Livestock, Urban Homesteading and Self-Reliance

Baby Bunny Update

It’s been a week and a half since I had to stitch up our little bunny.  I was not very sure she would make it after such a serious injury.  After all, the cut was fully one quarter of her circumference if not more, the equivalent of about 12 inches on a human.  Not to mention she was definitely not in any kind of sterile environment.  I debated on keeping her inside, but felt that the stress of being away from her litter mates and in a strange place would be worse for her than the potential of infection.

It turns out, she is truly a fighter.  Her tiny body managed to ward off infection and she had enough will to compete for milk with three siblings.  Yet she is not unscathed from the incident.  Besides a scar she will bear for the rest of her life, she is very small.  In just 10 days, she went from being one of the larger kits in the litter to by far the tiniest.  She has barely grown at all, underscoring the normally rapid growth of rabbit kits when she is compared to her now much larger litter mates as you can see from the image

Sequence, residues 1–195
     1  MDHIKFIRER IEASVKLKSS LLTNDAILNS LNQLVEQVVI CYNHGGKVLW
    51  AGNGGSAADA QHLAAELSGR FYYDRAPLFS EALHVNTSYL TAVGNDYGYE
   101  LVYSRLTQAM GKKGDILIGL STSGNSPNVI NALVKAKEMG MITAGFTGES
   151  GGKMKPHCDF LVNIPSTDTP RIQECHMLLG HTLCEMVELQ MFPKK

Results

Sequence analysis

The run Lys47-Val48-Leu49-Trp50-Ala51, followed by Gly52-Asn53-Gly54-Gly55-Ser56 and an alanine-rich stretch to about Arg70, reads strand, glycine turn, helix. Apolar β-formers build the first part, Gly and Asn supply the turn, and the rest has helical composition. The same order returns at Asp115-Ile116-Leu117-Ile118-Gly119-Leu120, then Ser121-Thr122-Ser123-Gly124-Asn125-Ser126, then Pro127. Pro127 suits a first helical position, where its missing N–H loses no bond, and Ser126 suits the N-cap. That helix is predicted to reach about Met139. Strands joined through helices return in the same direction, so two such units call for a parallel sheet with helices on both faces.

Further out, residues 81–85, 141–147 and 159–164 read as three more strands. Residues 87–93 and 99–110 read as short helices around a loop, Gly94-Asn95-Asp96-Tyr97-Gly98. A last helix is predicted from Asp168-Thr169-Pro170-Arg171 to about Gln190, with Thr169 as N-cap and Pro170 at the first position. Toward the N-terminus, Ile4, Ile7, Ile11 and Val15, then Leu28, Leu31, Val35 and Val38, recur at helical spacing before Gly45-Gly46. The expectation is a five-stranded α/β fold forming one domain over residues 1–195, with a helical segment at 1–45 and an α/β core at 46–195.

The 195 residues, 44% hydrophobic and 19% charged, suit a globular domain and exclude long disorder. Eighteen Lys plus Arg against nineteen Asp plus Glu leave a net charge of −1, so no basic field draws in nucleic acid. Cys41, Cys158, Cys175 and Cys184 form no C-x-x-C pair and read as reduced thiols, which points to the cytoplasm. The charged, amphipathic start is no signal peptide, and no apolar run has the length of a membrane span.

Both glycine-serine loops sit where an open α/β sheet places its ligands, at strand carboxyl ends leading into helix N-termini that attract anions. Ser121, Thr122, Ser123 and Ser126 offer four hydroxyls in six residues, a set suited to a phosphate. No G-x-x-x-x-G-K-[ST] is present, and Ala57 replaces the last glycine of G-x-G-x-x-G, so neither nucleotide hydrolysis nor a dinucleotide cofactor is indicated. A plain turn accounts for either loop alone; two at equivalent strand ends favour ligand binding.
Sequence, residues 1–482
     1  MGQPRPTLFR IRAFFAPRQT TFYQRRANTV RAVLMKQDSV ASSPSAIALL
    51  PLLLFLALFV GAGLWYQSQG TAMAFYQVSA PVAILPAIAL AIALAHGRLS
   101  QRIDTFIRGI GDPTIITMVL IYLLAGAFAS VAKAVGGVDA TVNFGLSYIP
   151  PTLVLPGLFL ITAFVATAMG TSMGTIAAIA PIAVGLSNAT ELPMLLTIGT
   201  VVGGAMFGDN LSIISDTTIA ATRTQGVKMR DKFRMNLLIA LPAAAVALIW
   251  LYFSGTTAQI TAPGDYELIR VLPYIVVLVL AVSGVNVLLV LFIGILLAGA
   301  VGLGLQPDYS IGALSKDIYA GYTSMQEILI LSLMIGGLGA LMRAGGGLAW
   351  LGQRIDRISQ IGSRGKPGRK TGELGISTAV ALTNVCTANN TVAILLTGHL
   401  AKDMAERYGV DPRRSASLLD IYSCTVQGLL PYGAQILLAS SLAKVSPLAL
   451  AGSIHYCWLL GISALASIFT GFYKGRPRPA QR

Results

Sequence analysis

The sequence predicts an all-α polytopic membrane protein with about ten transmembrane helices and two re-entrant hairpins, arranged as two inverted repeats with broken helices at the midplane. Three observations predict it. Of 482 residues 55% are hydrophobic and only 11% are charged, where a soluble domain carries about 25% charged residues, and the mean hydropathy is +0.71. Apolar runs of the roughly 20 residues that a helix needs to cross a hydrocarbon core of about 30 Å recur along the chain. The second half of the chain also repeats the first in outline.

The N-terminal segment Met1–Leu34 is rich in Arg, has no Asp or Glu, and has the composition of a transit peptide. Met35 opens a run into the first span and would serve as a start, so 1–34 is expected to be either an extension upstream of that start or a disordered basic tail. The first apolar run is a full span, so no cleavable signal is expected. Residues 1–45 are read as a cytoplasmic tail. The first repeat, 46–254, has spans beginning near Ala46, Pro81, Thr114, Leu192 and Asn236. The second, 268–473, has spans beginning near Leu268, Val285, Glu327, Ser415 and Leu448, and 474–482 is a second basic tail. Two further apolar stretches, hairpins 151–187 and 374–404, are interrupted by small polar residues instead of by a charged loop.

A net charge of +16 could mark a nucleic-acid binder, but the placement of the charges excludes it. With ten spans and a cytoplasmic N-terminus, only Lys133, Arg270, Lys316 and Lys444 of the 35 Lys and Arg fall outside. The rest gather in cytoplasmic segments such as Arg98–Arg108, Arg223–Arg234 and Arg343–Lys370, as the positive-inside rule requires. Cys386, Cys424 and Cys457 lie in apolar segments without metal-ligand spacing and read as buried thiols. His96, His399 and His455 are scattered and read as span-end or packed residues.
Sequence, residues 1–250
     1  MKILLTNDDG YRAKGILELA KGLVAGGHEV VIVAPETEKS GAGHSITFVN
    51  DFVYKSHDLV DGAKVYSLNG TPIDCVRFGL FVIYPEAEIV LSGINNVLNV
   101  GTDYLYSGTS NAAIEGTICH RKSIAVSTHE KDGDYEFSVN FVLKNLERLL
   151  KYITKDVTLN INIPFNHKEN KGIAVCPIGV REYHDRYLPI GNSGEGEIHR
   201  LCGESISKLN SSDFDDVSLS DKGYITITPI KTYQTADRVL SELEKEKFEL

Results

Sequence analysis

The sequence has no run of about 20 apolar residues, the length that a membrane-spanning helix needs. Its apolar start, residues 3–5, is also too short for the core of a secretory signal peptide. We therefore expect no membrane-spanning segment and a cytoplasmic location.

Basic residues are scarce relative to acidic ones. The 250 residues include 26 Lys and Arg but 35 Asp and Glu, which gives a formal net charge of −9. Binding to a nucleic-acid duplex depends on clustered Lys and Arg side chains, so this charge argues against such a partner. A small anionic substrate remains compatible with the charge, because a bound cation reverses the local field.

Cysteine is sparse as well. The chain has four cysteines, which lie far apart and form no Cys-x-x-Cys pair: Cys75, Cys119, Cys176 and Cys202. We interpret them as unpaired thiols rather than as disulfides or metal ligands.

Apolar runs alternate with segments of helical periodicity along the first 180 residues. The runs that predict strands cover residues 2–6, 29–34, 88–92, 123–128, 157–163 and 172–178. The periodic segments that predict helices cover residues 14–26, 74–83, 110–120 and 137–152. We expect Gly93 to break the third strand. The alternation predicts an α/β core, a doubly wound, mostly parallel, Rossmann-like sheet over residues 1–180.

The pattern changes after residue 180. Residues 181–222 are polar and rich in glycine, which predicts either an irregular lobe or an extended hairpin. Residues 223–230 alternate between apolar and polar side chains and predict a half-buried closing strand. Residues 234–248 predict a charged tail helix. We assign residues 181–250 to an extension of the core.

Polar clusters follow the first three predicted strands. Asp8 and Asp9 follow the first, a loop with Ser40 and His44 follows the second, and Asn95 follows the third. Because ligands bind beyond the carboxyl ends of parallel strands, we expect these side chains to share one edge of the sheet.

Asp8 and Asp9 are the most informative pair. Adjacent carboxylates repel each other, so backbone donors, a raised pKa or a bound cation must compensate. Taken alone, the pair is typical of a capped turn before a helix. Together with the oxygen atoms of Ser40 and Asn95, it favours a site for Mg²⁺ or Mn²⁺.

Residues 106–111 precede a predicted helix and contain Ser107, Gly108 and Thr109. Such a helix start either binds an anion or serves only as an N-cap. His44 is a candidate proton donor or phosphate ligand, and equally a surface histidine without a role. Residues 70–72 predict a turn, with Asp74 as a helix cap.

Were we a larger farm, or a commercial enterprise, it is unlikely I would have spent $20 on vet supplies and taken the time to doctor this kit.  Yes, she is alive.  However; she isn’t suitable for breeding (I’m not sure how the scar would fare during the stresses of pregnancy and nursing), and won’t make much meat.  It’s a sad, but true, fact of keeping livestock for profit. However; because we are so small, and our main income doesn’t come from rabbits, I can afford to be a little sentimental.

Although I might deny that if you ask me….

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